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Case Study for Participants

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Read-only participants: A Case for Student Communication in Online Classes

A Case for Student Communication in Online Classes
Grand Canyon University: UNIV 501
9 July 2011

A Case for Student Communication in Online Classes This article explains the importance of participation, interaction, and communication in the virtual classroom between the students and instructors. Many students today are enrolling in online classes to continue their education. Inside the online classroom, students began to meet and greet through discussion forums. Once a relationship and trust has been established between the students and instructors, an online community has been formed within that classroom. Students and their instructors will learn, communicate, and interact with one another throughout the course. Initially, everyone starts out participating in the online discussion forums, but then the true slackers make their appearance apparent in the online classroom. Some students log into the classroom, but show little or no involvement in the classroom or lack input in the discussion forums. This eventually creates a big problem in the online classroom. Due to the lack of log ins, participation, and interaction dismantles the classroom as a whole. A research study was done to show how the students who participated very little could cause disorder in the online classroom community and risk online learning.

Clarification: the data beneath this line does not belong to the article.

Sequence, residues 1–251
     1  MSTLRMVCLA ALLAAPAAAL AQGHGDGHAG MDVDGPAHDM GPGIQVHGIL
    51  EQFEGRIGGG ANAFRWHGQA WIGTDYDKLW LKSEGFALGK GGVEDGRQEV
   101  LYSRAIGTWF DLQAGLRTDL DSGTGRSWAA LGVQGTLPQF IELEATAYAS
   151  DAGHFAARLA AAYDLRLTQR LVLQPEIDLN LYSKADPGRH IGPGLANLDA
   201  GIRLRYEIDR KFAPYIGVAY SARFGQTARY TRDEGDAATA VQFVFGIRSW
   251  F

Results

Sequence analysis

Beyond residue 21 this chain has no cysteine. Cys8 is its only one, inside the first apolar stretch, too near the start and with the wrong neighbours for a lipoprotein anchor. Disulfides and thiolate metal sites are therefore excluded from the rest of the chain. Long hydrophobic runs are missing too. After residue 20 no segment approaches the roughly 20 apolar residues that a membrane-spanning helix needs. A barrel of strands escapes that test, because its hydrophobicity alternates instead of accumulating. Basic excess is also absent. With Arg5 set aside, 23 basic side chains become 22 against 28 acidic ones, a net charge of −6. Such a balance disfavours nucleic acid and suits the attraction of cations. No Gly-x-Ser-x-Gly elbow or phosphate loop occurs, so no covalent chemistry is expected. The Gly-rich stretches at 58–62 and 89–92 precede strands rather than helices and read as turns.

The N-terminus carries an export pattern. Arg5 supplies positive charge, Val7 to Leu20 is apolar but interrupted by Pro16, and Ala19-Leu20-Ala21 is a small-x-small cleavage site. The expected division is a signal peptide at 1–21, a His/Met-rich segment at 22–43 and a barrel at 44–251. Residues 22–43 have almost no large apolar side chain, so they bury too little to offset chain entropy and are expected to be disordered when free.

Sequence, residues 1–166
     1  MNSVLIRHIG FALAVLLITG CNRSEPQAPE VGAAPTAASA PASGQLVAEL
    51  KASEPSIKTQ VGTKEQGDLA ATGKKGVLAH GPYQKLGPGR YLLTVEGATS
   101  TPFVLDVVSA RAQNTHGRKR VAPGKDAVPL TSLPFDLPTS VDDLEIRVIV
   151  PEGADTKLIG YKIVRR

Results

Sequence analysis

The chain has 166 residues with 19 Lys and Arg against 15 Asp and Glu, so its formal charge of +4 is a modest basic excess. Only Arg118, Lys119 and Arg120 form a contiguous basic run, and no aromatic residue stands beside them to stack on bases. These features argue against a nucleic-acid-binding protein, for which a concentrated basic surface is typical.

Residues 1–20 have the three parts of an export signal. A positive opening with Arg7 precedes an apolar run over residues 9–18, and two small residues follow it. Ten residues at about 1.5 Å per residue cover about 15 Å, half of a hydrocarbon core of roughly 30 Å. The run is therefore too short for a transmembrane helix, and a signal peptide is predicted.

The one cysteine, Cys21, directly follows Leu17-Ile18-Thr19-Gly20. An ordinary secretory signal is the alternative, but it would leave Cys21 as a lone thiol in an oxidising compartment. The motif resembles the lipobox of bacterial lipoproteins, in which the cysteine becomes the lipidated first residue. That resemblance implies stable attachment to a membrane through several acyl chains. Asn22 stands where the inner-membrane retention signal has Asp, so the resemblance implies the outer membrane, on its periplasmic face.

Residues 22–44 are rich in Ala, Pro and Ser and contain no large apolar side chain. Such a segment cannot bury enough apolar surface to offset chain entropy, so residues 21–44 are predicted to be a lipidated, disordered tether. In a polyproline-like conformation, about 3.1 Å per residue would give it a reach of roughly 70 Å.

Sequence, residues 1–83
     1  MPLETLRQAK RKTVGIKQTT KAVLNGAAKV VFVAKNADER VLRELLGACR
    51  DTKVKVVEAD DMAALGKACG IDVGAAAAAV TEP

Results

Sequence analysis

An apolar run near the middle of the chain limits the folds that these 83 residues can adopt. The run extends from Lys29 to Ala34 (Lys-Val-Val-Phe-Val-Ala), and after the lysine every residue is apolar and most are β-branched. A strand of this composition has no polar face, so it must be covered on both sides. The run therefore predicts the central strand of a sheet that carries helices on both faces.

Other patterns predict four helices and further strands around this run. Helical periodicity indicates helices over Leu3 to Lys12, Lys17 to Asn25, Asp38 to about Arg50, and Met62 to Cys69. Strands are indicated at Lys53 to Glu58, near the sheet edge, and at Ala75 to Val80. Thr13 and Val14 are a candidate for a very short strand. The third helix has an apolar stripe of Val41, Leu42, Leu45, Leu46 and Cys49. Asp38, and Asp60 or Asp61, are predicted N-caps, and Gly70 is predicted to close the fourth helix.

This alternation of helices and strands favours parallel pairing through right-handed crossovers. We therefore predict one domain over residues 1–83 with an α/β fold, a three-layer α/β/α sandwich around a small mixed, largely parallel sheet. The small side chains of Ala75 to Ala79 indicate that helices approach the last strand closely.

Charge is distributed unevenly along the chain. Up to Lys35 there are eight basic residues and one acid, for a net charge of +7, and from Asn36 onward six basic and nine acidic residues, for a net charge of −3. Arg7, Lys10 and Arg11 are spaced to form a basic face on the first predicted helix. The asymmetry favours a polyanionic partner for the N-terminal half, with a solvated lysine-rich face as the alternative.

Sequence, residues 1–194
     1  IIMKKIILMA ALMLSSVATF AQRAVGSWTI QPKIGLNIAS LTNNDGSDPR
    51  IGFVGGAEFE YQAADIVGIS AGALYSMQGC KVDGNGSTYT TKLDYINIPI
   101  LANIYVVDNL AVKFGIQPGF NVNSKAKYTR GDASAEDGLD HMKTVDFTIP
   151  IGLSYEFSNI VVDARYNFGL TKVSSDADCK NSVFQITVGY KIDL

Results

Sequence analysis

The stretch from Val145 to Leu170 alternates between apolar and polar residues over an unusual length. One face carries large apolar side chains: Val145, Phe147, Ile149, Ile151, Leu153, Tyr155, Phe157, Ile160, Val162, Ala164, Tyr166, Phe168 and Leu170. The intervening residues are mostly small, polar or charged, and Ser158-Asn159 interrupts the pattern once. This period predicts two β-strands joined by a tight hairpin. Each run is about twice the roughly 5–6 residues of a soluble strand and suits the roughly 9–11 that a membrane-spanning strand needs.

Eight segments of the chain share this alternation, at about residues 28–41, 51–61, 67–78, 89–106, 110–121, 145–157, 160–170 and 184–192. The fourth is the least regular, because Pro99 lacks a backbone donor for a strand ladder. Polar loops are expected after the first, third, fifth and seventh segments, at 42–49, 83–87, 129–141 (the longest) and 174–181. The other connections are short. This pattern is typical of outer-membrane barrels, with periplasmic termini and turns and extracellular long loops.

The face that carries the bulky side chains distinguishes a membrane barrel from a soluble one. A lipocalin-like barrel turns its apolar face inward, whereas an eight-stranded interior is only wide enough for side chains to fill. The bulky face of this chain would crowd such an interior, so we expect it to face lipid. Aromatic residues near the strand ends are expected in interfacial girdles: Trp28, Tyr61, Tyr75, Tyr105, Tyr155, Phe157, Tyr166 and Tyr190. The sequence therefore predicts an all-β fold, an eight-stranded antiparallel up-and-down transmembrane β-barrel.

Background
Many education programs have become recognizable and more accessible online. People all over the world are taking advantage of online courses because their educational advancement is at the tip of their fingers. However, inside the virtual classroom, the lack of value and participation continue to be a problem: While online course enrolments continue to climb, retention and success rates in such courses and programs are frequently reported as typically lower than those delivered in a traditional classroom format; those of us in roles that support online students have a role in reversing that trend! (Schreck, 2006)

Online dropout rate surpass the dropout rate for those enrolled in a physical class. Studies have demonstrated that online participation is essential to guarantee rewarding online course experience (Klemm, 1998; Rovai &Barnum, 2003; Swan, Shea, Fredericksen, Pickett, & Pelz, 2000).